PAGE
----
In an incredible twist, she used her opinion to give advice to opponents of the exemption. Justice Kagan wrote that Pennsylvania could further challenge the religious exemption as “arbitrary and capricious” in lower courts. The lower courts did not previously rule on that element because they had outright declared the administration didn’t have the authority.

Justice Alito noted this very point in his concurrence, in which he argues Justice Thomas’ ruling did not go far enough. He argued the Supreme Court should have ended the litigation and ruled exemption was required by the Religious Freedom Restoration Act (RFRA).

“We now send these cases back to the lower courts, where the Commonwealth of Pennsylvania and the State of New Jersey are all but certain to pursue their argument that the current rule is flawed on yet another ground, namely, that it is arbitrary and capricious and thus violates the APA,” Justice Alito wrote.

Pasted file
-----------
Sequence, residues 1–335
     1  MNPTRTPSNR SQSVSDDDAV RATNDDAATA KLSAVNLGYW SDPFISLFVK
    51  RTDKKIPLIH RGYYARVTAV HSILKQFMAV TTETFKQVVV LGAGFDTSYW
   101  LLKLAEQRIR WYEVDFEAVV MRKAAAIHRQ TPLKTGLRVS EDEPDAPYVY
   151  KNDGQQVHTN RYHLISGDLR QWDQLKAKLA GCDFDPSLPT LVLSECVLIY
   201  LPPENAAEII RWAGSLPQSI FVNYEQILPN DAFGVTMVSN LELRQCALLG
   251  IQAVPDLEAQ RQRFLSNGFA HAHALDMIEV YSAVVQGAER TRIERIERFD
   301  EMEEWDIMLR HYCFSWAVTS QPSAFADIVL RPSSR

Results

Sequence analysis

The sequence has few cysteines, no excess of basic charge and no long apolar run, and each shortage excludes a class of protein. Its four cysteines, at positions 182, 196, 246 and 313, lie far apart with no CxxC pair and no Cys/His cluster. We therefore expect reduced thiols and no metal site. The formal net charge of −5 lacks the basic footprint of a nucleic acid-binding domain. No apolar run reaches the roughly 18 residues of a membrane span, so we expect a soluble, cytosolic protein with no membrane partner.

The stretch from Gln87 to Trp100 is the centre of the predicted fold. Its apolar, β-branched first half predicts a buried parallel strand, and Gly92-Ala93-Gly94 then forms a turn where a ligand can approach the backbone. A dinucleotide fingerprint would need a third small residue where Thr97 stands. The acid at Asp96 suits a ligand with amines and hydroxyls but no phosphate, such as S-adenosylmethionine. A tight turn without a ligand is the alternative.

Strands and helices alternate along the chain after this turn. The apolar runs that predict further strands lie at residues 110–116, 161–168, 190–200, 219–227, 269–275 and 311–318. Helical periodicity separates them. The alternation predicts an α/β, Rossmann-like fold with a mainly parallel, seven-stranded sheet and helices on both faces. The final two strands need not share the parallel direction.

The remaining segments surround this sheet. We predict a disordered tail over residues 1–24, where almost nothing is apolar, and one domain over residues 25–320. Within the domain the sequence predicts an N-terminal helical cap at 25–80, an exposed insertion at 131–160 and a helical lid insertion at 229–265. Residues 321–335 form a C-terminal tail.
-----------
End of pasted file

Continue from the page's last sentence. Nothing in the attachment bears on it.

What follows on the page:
“If RFRA requires this exemption, the Departments did not act in an arbitrary and capricious manner in granting it. And in my judgment, RFRA compels an exemption for the Little Sisters and any other employer with a similar objection to what has been called the accommodation to the contraceptive mandate.”

The leftwing American Civil Liberties Union (ACLU) said the ruling gives the administration “a license to discriminate” in the name of religious liberty. Marjorie Dannenfelser, President of the pro-life Susan B. Anthony List, credited President Donald J. Trump for the victory.

“Today is a major victory for President Trump, who has courageously fought to protect the Little Sisters of the Poor from the Obama-Biden HHS abortifacient mandate,” she said. “We commend President Trump for standing strong for the Little Sisters of the Poor – his record stands in stark contrast to that of Joe Biden, who helped launch this assault as Obama’s Vice President nearly a decade ago.”